In June, Evergrande stressed it has never missed an interest or principal payment since its founding. After repaying some maturing debt in June, it has no more bonds due this year. The company didn’t respond to requests for further comment.

Other aspects of Evergrande’s finances concern some analysts, such as Nigel Stevenson of GMT Research, a longtime skeptic on the stock. He pointed to its tendency to pay big dividends rather than conserve cash, and what he called problematic balance-sheet assets.

Evergrande had some $355 billion of assets as of end-2020, largely property under development, held for sale, or classed as investment.

Some smaller property groups have defaulted recently, includingChina Fortune Land Development Co. and Sichuan Languang Development Co. If Evergrande were to run into financial difficulties, that could affect bondholders, suppliers, bank lenders and customers who have bought as-yet unfinished apartments.

To be sure, Evergrande could find a way out of trouble, as it has done repeatedly before. “Many people have faith in Evergrande, because it has come back to life after countless crises,” said Li Gen, chief executive officer of Beijing BG Capital Management Ltd.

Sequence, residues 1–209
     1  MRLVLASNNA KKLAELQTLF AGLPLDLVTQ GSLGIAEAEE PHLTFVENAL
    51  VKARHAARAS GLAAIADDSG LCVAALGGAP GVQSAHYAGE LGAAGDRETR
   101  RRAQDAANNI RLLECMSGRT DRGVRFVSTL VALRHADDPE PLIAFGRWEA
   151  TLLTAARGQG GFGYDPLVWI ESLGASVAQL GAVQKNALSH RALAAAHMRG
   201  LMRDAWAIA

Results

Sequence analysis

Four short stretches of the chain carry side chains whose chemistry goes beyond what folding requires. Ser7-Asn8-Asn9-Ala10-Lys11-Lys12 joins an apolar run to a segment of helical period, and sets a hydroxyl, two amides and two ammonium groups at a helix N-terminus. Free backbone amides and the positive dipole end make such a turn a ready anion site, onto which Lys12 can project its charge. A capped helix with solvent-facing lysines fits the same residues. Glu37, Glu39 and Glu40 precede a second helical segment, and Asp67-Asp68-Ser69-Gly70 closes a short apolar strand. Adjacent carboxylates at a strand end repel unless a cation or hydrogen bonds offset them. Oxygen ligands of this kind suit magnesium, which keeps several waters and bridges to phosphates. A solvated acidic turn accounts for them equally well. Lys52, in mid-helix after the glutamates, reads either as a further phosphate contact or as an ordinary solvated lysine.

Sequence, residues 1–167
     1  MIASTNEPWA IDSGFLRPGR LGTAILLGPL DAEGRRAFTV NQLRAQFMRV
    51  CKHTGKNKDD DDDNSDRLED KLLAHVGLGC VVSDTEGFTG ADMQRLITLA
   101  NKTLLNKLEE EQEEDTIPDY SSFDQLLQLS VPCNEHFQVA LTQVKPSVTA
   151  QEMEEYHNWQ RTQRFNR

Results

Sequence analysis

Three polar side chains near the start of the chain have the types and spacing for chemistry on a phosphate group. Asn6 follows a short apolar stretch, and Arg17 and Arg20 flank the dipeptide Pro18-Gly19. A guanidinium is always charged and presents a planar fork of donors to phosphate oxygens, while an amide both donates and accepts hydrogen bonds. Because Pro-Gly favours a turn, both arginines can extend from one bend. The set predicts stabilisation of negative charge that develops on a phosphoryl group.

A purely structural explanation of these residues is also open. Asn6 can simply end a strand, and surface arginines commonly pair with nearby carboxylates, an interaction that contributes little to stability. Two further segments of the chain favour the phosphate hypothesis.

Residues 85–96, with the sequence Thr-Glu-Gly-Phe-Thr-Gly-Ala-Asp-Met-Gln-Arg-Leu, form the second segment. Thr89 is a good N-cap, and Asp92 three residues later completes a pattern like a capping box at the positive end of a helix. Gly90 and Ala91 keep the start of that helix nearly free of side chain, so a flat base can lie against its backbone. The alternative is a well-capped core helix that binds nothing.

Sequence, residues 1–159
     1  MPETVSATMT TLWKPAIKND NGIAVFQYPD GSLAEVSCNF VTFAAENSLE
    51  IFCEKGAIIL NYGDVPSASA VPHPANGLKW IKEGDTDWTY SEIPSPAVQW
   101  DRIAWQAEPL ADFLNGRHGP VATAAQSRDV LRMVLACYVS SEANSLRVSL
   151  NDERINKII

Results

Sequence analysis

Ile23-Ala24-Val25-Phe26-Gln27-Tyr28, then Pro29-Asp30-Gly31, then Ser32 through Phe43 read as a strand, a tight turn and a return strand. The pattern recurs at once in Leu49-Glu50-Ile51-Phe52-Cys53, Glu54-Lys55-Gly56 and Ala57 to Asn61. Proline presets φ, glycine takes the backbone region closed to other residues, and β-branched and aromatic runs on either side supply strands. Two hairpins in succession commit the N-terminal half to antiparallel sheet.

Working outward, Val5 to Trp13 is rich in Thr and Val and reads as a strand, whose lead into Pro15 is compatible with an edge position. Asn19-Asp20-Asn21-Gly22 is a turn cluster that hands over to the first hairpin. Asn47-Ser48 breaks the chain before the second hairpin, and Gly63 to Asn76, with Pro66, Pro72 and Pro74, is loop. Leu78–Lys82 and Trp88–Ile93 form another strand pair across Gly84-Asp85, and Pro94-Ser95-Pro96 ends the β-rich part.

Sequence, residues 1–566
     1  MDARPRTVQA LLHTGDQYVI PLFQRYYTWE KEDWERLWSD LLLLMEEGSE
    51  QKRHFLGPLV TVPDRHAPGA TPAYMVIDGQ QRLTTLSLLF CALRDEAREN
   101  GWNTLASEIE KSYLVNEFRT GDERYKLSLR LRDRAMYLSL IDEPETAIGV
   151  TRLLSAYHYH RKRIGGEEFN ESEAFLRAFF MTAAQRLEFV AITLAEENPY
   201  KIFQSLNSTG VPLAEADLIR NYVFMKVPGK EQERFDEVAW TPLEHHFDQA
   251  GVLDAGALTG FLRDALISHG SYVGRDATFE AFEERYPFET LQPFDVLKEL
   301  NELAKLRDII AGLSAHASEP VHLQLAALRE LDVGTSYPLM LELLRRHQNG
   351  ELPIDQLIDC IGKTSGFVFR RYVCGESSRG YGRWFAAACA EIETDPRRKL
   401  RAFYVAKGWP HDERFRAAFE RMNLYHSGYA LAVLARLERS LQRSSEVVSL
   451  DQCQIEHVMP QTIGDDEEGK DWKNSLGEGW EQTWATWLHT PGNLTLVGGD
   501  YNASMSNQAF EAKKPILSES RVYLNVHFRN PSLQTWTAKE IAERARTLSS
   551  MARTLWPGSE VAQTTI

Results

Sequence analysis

Supply and DemandHengda, Evergrande's key onshore unit, reliesincreasingly on commercial bills for funding.Commercial bills outstanding at year-endSource: Hengda Real Estate Group Co. bond filings.
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Mr. Li pointed to the company’s record of finding new ways to raise funds, and previous instances of state support, for example when two local-government-backed businesses last year agreed to take over stakes in Evergrande’s main onshore subsidiary, Hengda Real Estate Group Co.

Investors have grown nervous even as Evergrande has quickly trimmed its headline debt levels. Late June’s $88 billion debt figure represented a drop of nearly one-third in a year. It also said its net debt-equity ratio was less than 1, bringing it in line with one of the three red lines. The other two compare cash to short-term debt, and liabilities against assets. Evergrande hasn’t yet reached the required levels for these metrics.

However, analysts say that Evergrande and its peers have found other ways to fund themselves—in effect borrowing from suppliers, customers or business partners.

Evergrande’s Hengda unit has issued growing amounts of commercial bills to suppliers, which don’t count toward headline debt figures. It had the equivalent of $31.7 billion of bills outstanding as of end-2020, filings show.

Big Chinese developers have turned to funding sources like customer deposits and financing from non-controlling shareholders, said Andrew Lawrence, a property analyst at TS Lombard.

“Our analysis of major developers’ 2020 financial statements showed that, overall, they had lowered their debt to equity, but their total liabilities to equity—a better measure of leverage—remained high,” he said.